|Publication number||US5697256 A|
|Application number||US 08/673,432|
|Publication date||Dec 16, 1997|
|Filing date||Jun 28, 1996|
|Priority date||Jun 28, 1996|
|Publication number||08673432, 673432, US 5697256 A, US 5697256A, US-A-5697256, US5697256 A, US5697256A|
|Inventors||Joseph C. Matteo|
|Original Assignee||Matteo; Joseph C.|
|Export Citation||BiBTeX, EndNote, RefMan|
|Patent Citations (20), Non-Patent Citations (2), Referenced by (33), Classifications (12), Legal Events (3)|
|External Links: USPTO, USPTO Assignment, Espacenet|
This invention relates to the field of differential transmission mechanisms and more specifically to a differential transmission wherein two parallel inputs are converted to two orthogonal outputs through a hybrid mechanism of both gears and cables.
Differential transmission mechanisms are utilized in anthropomorphic applications such as robot shoulders, elbows and wrists. Differential transmission mechanisms convert input motions to output motions changing the axes of rotation. Typical differential transmissions used in such applications are complex requiring bevel gears with shafts cantilevered from bearing supports. Moreover, typically only a single load path exists to the output which generates huge thrust loads.
In multi-axis mechanism applications such as robot arms, two distinct means for actuation are typical: distributed actuation and remote actuation. Distributed actuation locates all drive components such as motors, gears, and sensors at each joint of the mechanism thus distributing the drive components. This type of actuation provides modularity and ease of assembly, however the drive components add weight to the mechanism and degrade performance.
Remote actuation is typically accomplished with cables routed through a complex maze of pulleys to the respective joints. The obvious advantage is reduced mechanism weight achieved at a cost of great complexity.
Typical differential mechanisms are those devices disclosed in the following U.S. Patents:
______________________________________U.S. Pat. No. Inventor(s) Issue Date______________________________________4,512,710 Flatau April 23, 19854,684,312 Antoszewski et al. August 4, 19874,704,065 Allared November 3, 19874,842,474 Torii et al. June 27 19894,921,293 Ruoff et al. May 1, 19904,976,165 Nagahama December 11, 19905,151,008 Ishida et al. September 29, 19925,187,996 Torii et al. February 23, 19935,197,846 Uno et al. March 30, 19935,201,239 Bundo et al. April 13, 19935,207,114 Salisbury, Jr. et al. May 4, 19935,231,889 Lee et al. August 3, 19935,249,479 Torii et al. October 5, 1993______________________________________
The devices disclosed in the above-identified patents are actuated via distributed actuation or remote actuation, the advantages and disadvantages of which are addressed above. More specifically, U.S. Pat. No. 5,207,114 is an example of a whole arm manipulator which utilizes remote actuation through a cable driven differential. The manipulator utilizes a complex array of cables and pulleys providing all speed reduction and differential action.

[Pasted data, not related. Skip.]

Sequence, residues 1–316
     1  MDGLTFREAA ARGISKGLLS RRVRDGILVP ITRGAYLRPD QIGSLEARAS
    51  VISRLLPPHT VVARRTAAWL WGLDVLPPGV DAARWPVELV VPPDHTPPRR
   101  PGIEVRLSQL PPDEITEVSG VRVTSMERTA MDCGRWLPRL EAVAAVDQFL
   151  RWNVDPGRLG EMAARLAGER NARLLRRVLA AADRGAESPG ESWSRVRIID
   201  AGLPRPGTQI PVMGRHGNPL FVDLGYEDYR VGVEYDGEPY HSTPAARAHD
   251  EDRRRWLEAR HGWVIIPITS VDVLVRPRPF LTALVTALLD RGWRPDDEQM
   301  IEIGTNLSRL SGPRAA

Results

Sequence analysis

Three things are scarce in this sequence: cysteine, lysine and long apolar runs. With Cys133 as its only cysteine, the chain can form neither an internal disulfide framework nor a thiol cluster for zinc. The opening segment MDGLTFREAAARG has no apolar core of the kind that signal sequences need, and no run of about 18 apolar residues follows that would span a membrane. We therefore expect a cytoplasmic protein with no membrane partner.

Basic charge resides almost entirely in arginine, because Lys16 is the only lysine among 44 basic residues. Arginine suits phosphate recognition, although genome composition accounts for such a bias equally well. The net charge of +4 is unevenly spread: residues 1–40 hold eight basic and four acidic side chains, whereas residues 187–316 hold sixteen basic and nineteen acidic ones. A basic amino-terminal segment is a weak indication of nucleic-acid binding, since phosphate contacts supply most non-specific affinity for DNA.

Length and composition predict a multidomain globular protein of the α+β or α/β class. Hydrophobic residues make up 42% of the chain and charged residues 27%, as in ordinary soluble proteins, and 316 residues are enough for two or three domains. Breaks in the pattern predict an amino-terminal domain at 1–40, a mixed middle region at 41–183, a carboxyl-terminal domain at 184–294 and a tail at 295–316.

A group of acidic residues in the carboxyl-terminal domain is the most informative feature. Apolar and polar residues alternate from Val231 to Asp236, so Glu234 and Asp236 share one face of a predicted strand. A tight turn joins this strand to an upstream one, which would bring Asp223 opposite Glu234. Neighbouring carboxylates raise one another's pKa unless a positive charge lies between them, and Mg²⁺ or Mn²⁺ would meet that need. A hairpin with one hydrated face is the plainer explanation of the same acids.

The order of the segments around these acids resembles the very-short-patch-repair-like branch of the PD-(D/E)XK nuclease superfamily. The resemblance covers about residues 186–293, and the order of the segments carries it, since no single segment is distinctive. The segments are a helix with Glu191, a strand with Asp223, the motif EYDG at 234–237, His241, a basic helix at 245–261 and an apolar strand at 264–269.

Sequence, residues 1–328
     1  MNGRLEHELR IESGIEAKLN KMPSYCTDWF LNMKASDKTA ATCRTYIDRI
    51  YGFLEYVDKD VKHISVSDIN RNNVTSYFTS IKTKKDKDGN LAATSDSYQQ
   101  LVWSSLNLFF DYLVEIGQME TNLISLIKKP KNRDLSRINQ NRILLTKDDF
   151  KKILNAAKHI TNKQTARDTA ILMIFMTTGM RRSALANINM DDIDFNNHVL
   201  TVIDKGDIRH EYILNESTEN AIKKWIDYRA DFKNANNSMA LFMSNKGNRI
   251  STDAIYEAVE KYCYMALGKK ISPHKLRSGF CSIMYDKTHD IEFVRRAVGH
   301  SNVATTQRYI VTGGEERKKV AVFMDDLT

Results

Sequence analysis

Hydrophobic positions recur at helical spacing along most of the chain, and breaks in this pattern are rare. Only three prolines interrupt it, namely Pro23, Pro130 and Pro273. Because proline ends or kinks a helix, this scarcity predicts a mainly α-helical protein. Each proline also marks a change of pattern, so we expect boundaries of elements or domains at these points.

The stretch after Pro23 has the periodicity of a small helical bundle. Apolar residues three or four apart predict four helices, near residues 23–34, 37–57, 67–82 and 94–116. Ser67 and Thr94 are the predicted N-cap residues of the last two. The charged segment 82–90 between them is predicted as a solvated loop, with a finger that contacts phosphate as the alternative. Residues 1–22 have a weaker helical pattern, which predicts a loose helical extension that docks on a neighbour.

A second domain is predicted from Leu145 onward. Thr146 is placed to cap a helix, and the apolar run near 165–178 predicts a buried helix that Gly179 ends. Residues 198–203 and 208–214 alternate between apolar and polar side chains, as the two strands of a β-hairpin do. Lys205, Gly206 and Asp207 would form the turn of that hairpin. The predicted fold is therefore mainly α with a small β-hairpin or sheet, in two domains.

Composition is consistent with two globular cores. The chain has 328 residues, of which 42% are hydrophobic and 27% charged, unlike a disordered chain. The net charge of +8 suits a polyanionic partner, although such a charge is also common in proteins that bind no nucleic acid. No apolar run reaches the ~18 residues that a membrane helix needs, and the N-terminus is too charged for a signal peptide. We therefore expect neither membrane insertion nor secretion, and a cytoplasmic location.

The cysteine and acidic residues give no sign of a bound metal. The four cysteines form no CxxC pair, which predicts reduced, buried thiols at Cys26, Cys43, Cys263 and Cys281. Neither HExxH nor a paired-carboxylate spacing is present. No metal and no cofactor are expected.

Therefore, it is an object of the present invention to provide a hybrid differential transmission which utilizes a combination of remote and distributed actuation.
It is another object of the present invention to provide a hybrid differential transmission which provides a large opening through the center thereof for accommodating signal wires.
Further, it is another object of the present invention to provide a hybrid differential transmission which include cables which can be serviced and replaced with no disassembly of the mechanism.
It is yet another object of the present invention to provide a hybrid differential transmission wherein weight and complexity has been minimized.
It is another object of the present invention to provide a hybrid differential transmission wherein a plurality of the transmissions can be combined for a variety of purposes.
Other objects and advantages will be accomplished by the present invention which serves to convert input motions to output motions changing the axes of rotation. The hybrid differential transmission is generally comprised of two input shafts, an internal structure assembly which includes two ring pulleys, one each driven by an input shaft, an outer structure assembly is rotatably mounted to the internal structure assembly and an output pulley assembly which is secured to the outer structure assembly. The output pulley assembly includes two output pulleys each of which are driven by one the ring pulleys.
The above mentioned features of the invention will become more clearly understood from the following detailed description of the invention read together with the drawings in which:
FIG. 1 is a perspective view of the hybrid differential transmission of the present invention;
FIG. 2 is a functional diagram of the hybrid differential transmission of the present invention;